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Charlie Crist, a storm force in Florida politics and political weathervane

Tropical Storm Isaac had just delayed the Republican National Convention when a new menace hit the GOP: Hurricane Charlie Crist.

The former Republican and former governor waited until the Sunday before the Tampa convention to pen an op-ed in the Tampa Bay Times that officially cast his lot with President Obama.

It was yet another sign that Crist – now an independent – is expected to join the Democratic Party. It also positions him for a speaking slot at the Democrats’ convention next week as well as a run for his old seat against Republican Gov. Rick Scott in two years.

But Crist also carries baggage that could weigh down the power of his endorsement as well as his future political ambitions. Republicans quickly howled that Crist is a “crass political opportunist” and isn’t so much a storm threat as a gust of hot air

Indeed, Crist was a storm force in Florida politics. But he’s also a political weathervane.

Right now, though, the op-ed is clearly a coup for the Obama campaign. Democrats can crow that Crist’s support is a bellwether of independent-minded voters in Florida and a repudiation of today’s Republicanism.

“Across Florida, in Washington and around the country, I've watched the failure of those who favor extreme rhetoric over sensible compromise,” Crist wrote, “and I've seen how those who never lose sight of solutions sow the greatest successes.”

Yet Crist is a flawed messenger when it comes to talking about achievements.

His term as governor from 2007 to 2011 was characterized by the worst recession since the Great Depression and an inability to square his self-described optimism with the pain of everyday Floridians.

Crist’s health-insurance plan failed to expand affordable healthcare. His tax-cut plans failed to boost the economy. People lost their homes and jobs in droves. He proposed a public-works building program that busted before it turned dirt.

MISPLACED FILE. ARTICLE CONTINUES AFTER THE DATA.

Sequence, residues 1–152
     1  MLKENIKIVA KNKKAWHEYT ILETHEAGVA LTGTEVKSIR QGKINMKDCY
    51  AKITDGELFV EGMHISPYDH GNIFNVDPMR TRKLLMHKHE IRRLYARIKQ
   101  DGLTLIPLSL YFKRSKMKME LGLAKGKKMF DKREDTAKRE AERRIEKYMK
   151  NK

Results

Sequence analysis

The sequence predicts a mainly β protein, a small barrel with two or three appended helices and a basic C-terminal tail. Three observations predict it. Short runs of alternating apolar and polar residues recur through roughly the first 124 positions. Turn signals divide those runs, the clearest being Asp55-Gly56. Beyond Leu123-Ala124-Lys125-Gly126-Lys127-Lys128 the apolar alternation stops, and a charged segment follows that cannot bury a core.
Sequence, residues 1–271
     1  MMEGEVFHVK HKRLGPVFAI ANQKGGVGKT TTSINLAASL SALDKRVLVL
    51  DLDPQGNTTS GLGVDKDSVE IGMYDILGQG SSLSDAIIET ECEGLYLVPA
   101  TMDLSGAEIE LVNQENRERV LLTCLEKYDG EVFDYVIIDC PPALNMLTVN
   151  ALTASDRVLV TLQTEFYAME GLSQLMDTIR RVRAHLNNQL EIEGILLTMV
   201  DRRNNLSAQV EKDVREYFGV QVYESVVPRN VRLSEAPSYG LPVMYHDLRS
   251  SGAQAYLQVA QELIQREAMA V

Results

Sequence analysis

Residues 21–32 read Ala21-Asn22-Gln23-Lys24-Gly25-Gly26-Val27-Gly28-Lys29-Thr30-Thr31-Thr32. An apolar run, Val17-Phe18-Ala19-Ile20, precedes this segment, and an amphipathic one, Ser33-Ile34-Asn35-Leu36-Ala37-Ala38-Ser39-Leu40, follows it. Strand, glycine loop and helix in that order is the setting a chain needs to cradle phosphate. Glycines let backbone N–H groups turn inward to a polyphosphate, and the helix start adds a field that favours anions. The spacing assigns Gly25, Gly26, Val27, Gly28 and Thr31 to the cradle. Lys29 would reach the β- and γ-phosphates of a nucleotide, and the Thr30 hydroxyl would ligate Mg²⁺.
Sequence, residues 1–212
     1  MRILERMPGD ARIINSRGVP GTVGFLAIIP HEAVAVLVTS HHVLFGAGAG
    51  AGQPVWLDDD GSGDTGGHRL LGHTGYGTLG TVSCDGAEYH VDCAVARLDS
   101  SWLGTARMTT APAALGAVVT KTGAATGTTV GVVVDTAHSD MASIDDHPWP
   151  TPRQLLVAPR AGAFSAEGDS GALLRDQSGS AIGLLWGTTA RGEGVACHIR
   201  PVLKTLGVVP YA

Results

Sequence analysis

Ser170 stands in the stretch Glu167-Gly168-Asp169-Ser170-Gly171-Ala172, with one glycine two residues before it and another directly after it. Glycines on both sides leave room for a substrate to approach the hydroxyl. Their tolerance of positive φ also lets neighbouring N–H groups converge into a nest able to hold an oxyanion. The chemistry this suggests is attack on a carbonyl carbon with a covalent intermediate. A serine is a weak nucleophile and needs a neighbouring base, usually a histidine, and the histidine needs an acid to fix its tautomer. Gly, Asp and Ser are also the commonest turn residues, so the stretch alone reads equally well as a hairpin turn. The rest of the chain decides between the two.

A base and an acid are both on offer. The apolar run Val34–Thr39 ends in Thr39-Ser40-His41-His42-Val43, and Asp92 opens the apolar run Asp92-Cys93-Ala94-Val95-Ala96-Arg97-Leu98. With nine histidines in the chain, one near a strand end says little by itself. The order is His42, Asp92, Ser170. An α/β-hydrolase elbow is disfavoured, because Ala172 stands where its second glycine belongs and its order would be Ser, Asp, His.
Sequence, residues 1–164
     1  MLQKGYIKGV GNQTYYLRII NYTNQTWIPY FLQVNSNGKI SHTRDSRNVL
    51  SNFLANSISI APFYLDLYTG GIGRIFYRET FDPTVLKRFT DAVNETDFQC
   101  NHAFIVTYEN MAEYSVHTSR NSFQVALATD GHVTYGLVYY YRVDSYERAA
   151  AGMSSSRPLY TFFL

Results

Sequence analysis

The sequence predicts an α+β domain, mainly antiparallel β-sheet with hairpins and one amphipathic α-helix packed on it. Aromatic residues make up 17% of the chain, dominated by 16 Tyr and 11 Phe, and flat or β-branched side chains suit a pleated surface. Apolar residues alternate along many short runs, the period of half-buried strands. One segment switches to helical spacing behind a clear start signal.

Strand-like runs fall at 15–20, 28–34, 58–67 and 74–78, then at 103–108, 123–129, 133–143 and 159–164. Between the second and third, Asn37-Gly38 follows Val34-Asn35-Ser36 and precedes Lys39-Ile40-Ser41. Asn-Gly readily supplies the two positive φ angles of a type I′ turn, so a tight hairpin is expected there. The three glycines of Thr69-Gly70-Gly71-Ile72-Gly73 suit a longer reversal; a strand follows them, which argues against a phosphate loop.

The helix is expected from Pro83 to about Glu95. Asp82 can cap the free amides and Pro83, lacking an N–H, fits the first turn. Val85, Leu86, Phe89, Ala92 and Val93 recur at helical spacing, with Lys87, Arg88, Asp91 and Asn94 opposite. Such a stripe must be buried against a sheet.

Amid rampant job loss, Crist couldn’t articulate any concrete plans to boost employment. Instead, he visited unemployment centers and talked about job losses. He advocated for President Obama’s stimulus package and unemployment benefits, but the hope of turning the economy around faded.

What’s more, Crist had a schedule that sometimes appeared light on governing and heavy on time off, politicking or travelling. He took an average of 10 weeks off a year.

Then, when a safe-looking U.S. Senate seat came open in 2010, he preferred to leave the governor’s mansion in Tallahassee for a seat in Washington.

But the bad economy and Crist’s literal embrace of Obama and the stimulus cost him. Former House Speaker Marco Rubio started beating Crist so badly in the Republican primary that Crist left the GOP after repeatedly saying he wouldn’t. He lost in the general election.

Crist’s hand-picked Republican Party of Florida Chairman, Jim Greer, had tried to help Crist’s Senate campaign but was later charged with fraud. Greer says he’s not guilty, was set up by Rubio-loving Republicans and was abandoned by Crist.

Crist will now say the party left him, that he didn’t leave the party. But it only happened when an election was on the line. And it proved that a third-party candidate can’t win statewide in Florida.

Now, another election in 2014 looms and Crist could make his third party switch – from Republican to independent to Democrat.

His political evolution has been gradual. Crist last month penned a Washington Post editorial bashing Gov. Scott’s handling of voting rights, and he has helped and endorsed a handful of Democrats, including Sen. Bill Nelson.

But Crist’s potential bid as a Democratic gubernatorial candidate won’t be easy. State Sen. Nan Rich, a liberal Democrat from Weston, is running. Former candidate and state CFO Alex Sink might as well. They’ll note all the conservative positions Crist once had before he jettisoned them.

Crist, however, could prove popular with black and Jewish voters for his liberal record when it came to voting rights, hurricane insurance, schools and downplaying social conservatism. After calling himself pro-life for years, Crist vetoed an abortion-related sonogram bill.

Crist’s precipitous fall in 2010 was a shock. He was one of Florida’s most popular politicians, a force of political nature who had been on five of the last seven ballots. He has won statewide election three times as a Republican.

Now he’s raining on the very convention he helped bring to his home base of Tampa Bay just when the GOP had to cancel its Monday events due to the threat of Isaac.

Republicans are telling the party faithful to remind voters and the media that Crist once ran as clone of former Gov. Jeb Bush and President Reagan. Republicans also unearthed Crist's old Tweets from 2010, when he was running as an Obamacare-bashing Republican.